An open letter to Uhuru's successor

By Reuben Wanjala | Tuesday, Jan 28th 2020 at 12:24
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Dear Mr. Next President, 

Let begin by saying how sad I am at the sorry state of affairs in the country. Gone are the days when I used to enjoy every moment of my being alive. Gone are the days when I could wake up on a Saturday morning and go to the playground with my friends and play football till dusk. Those days really seem to have slid away, and it is not because I have outgrown the games we used to play, it is because that harmony is altogether non-existent in the current society. The very social legitimacy and communal order have been denatured irretrievably.

As you take the oath of that presidential office, always know that nothing is as supposed to be, and it is your duty to restore normalcy. You are inheriting an economy saddled in recession and endemic corruption with a big percentage of its leaders in no mood to put things right. The fiscal discipline that was witnessed in the early part of the millennia has now disappeared, and what we have is an unlikely appendage of what true leadership is all about. Again, it is your duty to chop off this appendage and find the true exoskeleton of hygienic politics and leadership. Our country is on the collapse; you have to struggle to do that which is good and right.

Mr. President, you also realize that the public debt has risen tremendously, and virtually every Kenyan, even toddlers and the yet to be born, have debts exceeding half a million. I know it will be a tall order for you to repay this completely, but you will have to set the tempo for future redemption. Under your leadership, we can set out plans to start repaying the Chinese debt and repay that which we owe the Commonwealth. The debt is almost unimaginable, and we cannot repay it by wishful thinking and pronouncement of mumbo jumbo, WE MUST ACT.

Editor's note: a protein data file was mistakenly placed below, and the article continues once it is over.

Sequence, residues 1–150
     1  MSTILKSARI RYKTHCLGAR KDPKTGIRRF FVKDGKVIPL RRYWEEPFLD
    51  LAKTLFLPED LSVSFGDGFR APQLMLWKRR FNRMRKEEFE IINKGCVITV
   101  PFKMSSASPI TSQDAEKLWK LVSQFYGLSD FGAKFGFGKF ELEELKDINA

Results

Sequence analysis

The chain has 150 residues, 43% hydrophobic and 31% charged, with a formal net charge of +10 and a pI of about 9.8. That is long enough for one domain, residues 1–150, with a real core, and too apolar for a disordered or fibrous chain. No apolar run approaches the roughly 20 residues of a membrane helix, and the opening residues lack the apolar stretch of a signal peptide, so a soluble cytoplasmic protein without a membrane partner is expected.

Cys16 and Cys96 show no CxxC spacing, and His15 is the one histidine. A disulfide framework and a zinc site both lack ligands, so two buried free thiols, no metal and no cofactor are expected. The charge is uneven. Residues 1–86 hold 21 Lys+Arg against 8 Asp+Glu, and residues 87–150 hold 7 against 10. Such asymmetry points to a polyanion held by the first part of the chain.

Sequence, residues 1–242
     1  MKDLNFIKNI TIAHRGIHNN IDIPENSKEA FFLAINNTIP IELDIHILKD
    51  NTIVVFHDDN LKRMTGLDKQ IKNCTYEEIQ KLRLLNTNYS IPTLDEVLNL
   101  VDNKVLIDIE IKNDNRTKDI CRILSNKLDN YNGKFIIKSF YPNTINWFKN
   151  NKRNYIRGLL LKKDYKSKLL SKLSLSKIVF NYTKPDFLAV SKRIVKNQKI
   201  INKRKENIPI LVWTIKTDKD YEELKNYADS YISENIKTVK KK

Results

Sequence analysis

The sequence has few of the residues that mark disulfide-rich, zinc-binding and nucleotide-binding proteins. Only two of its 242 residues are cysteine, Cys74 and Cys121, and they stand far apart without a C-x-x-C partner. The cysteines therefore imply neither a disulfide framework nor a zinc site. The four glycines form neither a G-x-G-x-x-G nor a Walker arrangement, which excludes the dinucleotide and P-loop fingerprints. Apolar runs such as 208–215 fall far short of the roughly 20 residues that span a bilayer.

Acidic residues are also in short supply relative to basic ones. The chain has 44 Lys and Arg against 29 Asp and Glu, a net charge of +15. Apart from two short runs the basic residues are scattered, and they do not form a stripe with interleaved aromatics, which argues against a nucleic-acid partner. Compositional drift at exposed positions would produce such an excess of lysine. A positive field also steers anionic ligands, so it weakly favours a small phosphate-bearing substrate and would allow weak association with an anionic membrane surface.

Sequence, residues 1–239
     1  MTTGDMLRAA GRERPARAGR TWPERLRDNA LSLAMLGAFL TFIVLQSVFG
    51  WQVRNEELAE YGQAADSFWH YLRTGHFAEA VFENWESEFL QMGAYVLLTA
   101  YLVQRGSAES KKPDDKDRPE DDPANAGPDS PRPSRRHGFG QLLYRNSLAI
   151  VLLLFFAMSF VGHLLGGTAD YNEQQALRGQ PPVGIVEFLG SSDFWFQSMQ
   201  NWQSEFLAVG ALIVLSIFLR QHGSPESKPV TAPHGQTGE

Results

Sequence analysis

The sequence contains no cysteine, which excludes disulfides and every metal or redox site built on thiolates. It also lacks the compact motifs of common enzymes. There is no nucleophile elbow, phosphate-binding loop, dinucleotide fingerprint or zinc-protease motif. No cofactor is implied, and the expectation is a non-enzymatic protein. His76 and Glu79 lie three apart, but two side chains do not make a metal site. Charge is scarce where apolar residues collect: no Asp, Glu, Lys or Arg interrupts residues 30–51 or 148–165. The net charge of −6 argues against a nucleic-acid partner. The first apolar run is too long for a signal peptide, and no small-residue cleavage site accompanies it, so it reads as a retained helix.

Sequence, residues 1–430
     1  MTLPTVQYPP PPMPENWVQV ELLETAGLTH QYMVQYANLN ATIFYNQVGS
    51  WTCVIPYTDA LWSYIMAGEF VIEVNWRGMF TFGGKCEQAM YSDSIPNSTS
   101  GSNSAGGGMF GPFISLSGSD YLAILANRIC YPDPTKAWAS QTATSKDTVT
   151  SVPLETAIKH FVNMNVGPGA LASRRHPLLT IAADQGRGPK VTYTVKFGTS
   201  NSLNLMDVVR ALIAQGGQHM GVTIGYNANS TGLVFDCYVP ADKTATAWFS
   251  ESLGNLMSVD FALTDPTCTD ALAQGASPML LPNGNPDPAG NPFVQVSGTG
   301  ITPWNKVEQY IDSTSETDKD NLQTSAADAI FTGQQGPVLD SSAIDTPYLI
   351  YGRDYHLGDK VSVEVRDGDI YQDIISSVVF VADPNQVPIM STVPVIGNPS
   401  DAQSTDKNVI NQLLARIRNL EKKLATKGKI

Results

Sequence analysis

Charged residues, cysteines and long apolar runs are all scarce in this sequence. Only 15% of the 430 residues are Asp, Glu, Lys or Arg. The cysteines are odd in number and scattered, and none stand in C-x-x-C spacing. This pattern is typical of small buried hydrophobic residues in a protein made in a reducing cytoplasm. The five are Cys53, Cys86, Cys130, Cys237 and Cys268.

I also had to say, Mr. President, that the rates of unemployment in the country are simply damning. In excess of 5.6 million young Kenyans fresh out of institutions of higher learning are unemployed. I am aware that you do not have jobs at State House, but at the behest of your power, we can start creating avenues to accommodate the thousands of them graduating every year and with nothing to do. And, Mr. President, you also need to infuse these young and energetic minds in the decision making processes of your administration. If only there was a way in which you could have them there, I can promise you that things will be all well. As you have already seen, previous regimes have had too much of the old guard, and things have crumbled at their most critical points. If only you can find a way of infusing them.

Another critical thing that you will need to look at is the agricultural sector. You understand that nearly half of our Gross Domestic Product has come either directly or indirectly from the Agricultural Sector. If you are to repay the loans and balance the payments vis a vis government expenditure, agriculture will have to be given a lot of priority. That is the known and sure way in which our economy will continue thriving and compete with the rise of Rwandese and Ethiopian economies in Africa.

Besides that, Mr. President, you may have seen the level of incompetence at critical and defining moments of the past regimes. My advice to you is to be quick in dismissing those who find it hard to do the right things and installing them with the competent. You may make a number of enemies, but in order to progress, you will have to annoy a lot of people sufficiently. Do not give them all room to sabotage your wishes for the people of Kenya.

I know this is remotely critical to you, but you should consider involving the opposition in your management and running of government business. There shall be a limit to which they are involved but do not leave them out completely. The opposition may have demons, but there are also angels who want to do that, which is good. Involve them in leadership and drive the country forward.

Lastly, you will need to allow freedom to the media. As long as the law is being followed, you should allow journalists to do their work, as long as it is hygienic. Let information flow to all levels of society. A society receiving all the information that is due can be said to be, in my opinion, democratic. May God bless and protect you.

Thank You.

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